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Riverhead may set deadline for building applicants to adhere to planning process

A view of Riverhead Town Hall at 200

A view of Riverhead Town Hall at 200 Howell Ave. in Riverhead on June 5. Credit: James Carbone

Riverhead officials are considering altering the town code to set six-month deadlines for applicants to meet all conditions in the preliminary planning process or face cancellation of their projects to deal with instances of building proposals that have languished for months or even years because of unmet requirements and incomplete applications.

Town building and planning officials are calling for changes to the town’s preliminary site plan application process under the town code’s zoning and land development guidelines. The changes, if adopted, would mean applicants submitting preliminary site plan applications to the town’s Planning Department must address all problems or issues officials find with the application within six months.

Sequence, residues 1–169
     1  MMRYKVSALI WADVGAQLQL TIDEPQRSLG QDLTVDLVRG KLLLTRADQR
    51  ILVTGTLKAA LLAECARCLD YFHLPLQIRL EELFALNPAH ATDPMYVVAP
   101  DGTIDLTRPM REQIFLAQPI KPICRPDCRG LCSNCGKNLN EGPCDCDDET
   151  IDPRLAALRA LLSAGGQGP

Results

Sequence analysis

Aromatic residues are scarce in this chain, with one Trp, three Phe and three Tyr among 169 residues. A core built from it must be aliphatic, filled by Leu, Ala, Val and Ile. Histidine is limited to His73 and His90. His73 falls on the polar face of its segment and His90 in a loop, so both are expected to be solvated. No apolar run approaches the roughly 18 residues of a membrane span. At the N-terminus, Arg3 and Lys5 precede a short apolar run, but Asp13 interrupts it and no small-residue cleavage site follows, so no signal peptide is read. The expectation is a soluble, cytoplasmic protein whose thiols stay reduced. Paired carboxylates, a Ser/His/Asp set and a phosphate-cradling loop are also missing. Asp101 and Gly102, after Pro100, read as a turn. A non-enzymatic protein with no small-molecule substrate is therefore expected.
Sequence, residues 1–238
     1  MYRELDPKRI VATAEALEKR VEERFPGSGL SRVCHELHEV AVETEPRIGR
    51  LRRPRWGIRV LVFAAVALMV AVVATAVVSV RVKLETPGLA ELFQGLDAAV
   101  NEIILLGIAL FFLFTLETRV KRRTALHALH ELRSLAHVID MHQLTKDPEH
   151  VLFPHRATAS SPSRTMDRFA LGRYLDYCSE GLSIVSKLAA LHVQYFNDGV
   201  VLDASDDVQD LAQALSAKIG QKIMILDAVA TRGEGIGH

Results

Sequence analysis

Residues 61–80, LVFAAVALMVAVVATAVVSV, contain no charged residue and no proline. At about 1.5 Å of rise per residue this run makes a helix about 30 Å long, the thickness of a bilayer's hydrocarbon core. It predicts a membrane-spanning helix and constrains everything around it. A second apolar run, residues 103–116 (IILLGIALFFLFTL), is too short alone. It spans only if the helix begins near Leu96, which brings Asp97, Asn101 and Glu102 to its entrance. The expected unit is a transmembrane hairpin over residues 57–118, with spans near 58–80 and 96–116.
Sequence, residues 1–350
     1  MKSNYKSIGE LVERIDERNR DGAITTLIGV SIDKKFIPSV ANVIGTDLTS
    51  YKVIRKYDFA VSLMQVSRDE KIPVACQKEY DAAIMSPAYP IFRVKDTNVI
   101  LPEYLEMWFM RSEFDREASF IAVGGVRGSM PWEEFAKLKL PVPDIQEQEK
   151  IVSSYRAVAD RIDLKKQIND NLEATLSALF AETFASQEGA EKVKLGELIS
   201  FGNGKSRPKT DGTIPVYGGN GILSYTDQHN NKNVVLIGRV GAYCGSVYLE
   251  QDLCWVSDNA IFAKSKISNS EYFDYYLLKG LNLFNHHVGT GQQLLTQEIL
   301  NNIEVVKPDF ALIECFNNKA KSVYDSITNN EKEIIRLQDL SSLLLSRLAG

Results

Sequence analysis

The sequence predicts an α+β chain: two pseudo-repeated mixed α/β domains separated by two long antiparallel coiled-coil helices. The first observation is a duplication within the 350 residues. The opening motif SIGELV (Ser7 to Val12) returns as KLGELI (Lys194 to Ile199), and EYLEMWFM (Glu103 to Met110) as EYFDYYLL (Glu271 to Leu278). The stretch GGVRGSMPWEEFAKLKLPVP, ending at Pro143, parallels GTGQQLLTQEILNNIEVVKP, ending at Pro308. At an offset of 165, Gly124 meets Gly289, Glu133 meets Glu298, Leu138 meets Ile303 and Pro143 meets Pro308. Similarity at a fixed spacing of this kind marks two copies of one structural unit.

If applicants fail to respond within that time frame or to a warning notice planning officials would send them 30 days before the six-month deadline expires, the proposed code changes state that “the application shall automatically be deemed abandoned.” That means the department would be able to dispose of any documents related to the application.

Jeff Murphree, the town’s building and planning administrator, told the Riverhead Town Board at its Aug. 1 work session that there had been several such building applications that had been held up because they were incomplete or did not meet site plan requirements.

“As an example, we have a major subdivision on Edwards Avenue that has literally been sitting on my shelf for two years,” Murphree said. Adding a six-month deadline, Murphree noted, would be sufficient time for applicants to either move on or complete the application.

Town Supervisor Laura Jens-Smith said that since Riverhead’s planning staff is small, it was important to streamline the building applications process.

“There’s no mechanism right now to take those off the table,” said Jens-Smith. “If the applicant needs to reapply, they can reapply once they’re ready for the project. This is to have a definitive time so they don’t stay as active files when there’s no more activity on them.”

The board will vote on whether to set a Sept. 4 public hearing on the proposed building application procedure at its regular meeting Aug. 6.


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